Sunday, March 25, 2012
Stuck in the middle
I have three children. Yes two of them have diabetes and their stories are always relevant on a blog about diabetes but there are times when my non-diabetic child story is also relevant.
My second oldest is nearly 10. He is an amazing child. Always polite and very loving. He is exceptionally bright and always thoughtful. He is also hyper-active, a bit lazy, absent minded, knows all my buttons and plays his daddy as well as he plays his guitar.
Being a middle has a whole set of difficulties (I should know – I am one too). My middle has all the classic characteristics of being a middle child. He struggles for attention and plays the victim very well.
“Middle kids bemoan their fate as being ignored and often grow resentful of all the parental attention given to the oldest and the baby of the family, and feel short-shifted. Three kids triangulate sibling relationships, with one child at any given point feeling like the odd man out from the chumminess of the other two.” http://today.msnbc.msn.com/id/14335112/ns/today-parenting_and_family/t/what-are-effects-middle-child-syndrome/
My dear middle has been hit harder than most other middles. In addition to being the middle kid he is the only kid without diabetes. He is also my only kid not attending the Quest “talented and gifted” class in school.
While I am *fairly certain he isn’t disappointed that he does not have diabetes. I know he resents the fact that he has not been approved for the Quest program, despite numerous attempts at the tests. He is extremely bright – all my children are and I am not sure where they get it from. He is in the advanced math class but so are his siblings so that doesn’t make him special (in his eyes). *Sometimes I worry that middle wishes he also had diabetes so he could get the extra attention he perceives sweetness and sugarboy get. He desperately wants to attend the Lions camp for kids with diabetes and he can’t because he doesn’t have diabetes. I pray I am wrong and he never truly wishes for diabetes.
On top of those differences, he often feels lost (his words). My dear daughter (sweetness) and my youngest boy (sugarboy) have things that they just seem to be natural at. Sweetness loves her art and singing. Sugarboy is a soccer superstar and can play nearly all sports well without trying. My middle has poor depth perception due to a lazy eye and has poor coordination. His vision has been improving and wearing contacts has helped improve his abilities in games involving flying balls. His poor coordination has also been improving as he grows. He has always been in the 95% for his height. I think that his above average height hindered him early on – Gross and fine motor skills develop as a child grows and having long limbs without the gross motor skills to move them effectively can make for awkward movements. The opposite is true for sugarboy. He has always been below the 50 percentile for height – his shorter than average limbs have always been easy for him to manipulate – making him a superfast, tiny target that could turn on a dime. Middle has always been jealous of sugarboy's endless talent in regards to athletics.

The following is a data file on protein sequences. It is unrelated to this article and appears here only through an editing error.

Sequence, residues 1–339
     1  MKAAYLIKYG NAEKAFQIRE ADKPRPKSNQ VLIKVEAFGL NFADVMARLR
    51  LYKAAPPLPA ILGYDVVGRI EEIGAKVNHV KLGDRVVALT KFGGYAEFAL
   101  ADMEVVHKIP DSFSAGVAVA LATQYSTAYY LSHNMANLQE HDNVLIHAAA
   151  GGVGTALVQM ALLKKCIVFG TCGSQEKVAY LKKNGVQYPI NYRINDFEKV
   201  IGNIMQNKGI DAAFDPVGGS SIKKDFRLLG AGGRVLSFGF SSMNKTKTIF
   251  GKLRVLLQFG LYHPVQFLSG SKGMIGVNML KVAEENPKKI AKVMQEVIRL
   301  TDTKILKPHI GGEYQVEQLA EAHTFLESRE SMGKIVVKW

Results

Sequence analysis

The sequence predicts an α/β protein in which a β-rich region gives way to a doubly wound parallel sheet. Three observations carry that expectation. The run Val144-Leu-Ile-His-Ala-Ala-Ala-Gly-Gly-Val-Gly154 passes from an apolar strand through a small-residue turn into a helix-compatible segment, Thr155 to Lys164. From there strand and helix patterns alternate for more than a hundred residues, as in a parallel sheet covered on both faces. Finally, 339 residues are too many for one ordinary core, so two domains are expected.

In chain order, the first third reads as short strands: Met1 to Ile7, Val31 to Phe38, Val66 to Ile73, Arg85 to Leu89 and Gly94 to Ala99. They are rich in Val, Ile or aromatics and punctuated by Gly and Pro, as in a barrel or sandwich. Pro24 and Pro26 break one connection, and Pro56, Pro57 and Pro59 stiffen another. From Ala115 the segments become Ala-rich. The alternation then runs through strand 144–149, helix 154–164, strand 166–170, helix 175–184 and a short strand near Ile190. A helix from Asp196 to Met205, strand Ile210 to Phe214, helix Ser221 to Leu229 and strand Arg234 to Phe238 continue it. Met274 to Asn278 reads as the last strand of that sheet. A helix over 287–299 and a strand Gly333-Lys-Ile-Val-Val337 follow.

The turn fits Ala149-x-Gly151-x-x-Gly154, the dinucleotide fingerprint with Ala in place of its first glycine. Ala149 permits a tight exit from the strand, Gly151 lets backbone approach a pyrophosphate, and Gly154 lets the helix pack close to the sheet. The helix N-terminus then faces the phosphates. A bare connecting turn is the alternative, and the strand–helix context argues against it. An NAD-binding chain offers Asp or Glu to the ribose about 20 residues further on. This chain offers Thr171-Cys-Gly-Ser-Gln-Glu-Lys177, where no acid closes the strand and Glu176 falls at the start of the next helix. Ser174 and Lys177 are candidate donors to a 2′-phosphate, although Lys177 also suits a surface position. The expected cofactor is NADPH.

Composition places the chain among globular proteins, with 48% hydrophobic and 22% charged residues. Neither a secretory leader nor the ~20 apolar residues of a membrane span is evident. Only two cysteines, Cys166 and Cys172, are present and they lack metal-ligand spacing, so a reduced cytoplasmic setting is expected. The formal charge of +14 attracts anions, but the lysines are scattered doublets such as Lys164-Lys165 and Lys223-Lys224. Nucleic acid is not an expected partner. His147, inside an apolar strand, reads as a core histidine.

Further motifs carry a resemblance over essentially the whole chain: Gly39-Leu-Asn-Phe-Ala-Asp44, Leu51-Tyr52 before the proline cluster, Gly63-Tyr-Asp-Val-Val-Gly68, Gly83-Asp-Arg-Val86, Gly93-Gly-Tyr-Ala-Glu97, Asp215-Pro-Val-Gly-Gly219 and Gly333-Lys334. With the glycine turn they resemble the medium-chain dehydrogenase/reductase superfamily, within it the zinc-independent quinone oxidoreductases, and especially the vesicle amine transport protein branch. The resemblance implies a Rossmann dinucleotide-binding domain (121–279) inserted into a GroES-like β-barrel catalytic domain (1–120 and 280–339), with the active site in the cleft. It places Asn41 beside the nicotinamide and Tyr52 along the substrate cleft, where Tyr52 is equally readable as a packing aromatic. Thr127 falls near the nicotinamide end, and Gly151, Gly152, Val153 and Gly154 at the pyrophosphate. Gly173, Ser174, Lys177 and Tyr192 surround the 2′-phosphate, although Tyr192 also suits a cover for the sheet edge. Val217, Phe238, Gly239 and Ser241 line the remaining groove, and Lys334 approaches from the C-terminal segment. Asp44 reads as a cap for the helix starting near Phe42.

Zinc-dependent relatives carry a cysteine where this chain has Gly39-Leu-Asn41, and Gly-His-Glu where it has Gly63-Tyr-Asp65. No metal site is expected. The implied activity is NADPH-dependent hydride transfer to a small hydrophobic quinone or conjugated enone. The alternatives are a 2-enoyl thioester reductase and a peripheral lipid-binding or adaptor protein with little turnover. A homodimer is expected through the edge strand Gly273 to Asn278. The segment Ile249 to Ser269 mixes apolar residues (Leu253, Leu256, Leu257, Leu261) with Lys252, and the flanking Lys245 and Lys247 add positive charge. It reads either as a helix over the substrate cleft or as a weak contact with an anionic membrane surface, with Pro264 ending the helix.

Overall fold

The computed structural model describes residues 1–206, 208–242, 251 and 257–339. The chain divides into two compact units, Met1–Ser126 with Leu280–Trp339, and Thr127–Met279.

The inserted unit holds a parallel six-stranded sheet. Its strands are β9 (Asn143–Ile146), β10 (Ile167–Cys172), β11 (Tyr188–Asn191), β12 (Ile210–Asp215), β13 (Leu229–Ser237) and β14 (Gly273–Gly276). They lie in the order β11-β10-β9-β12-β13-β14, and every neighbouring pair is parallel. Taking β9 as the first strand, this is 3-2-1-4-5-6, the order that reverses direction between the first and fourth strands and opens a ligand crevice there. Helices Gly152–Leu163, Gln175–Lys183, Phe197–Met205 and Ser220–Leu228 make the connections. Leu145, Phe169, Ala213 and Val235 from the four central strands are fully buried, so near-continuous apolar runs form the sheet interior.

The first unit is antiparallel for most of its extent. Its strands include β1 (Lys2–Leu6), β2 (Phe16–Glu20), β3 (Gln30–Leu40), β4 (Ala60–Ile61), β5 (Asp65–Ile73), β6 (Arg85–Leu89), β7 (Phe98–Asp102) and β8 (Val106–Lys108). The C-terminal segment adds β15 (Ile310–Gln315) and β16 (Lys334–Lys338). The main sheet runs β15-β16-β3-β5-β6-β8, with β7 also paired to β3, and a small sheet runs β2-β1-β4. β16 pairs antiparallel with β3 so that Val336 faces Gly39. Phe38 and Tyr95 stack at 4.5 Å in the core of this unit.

We try our best to give equal attention to all our children. We celebrate all their successes and discipline equally. Yet my middle often expresses his belief that the other two get more and get punished less.
My biggest dilemma lately was that my middle was invited on a one night camping trip with another family to celebrate their son’s birthday. The boy that is celebrating his birthday is the sweetest child ever and I am pleased that my middle has developed the friendship. The issue I have is that we have had a fairly strict “no sleepover” policy. Partly because my dear husband grew up in a home in which sleepovers were not allowed so he has that mindset (unlike me – I spent many a nights away from home with various friends – my parents never met most of my friends parents). Our no-sleep over policy was also due to the early diagnosis of sugarboy. We knew that it would eventually be an issue so we set the expectation early on that we wouldn’t do sleep-overs.
So here we are wanting to allow Middle to build the friendship but also knowing that allowing him to go on the campout would inevitably cause a mutiny with the other two. My kids are very bright and sweetstuff and sugarboy would recognize that Middle was allowed because he doesn’t have diabetes. We always tell sweetstuff and sugarboy that there is nothing that diabetes will stop them from doing but really at their young ages there is – sleepovers. We have never had to acknowledge that diabetes is a reason we don’t do sleepovers because we set the expectation so early on.
We did compromise with Middle and agreed to drive him out to the campground to let him hang during the day and bring him home before the boys went to bed. I foresee an argument when it is time to go.
I hate diabetes.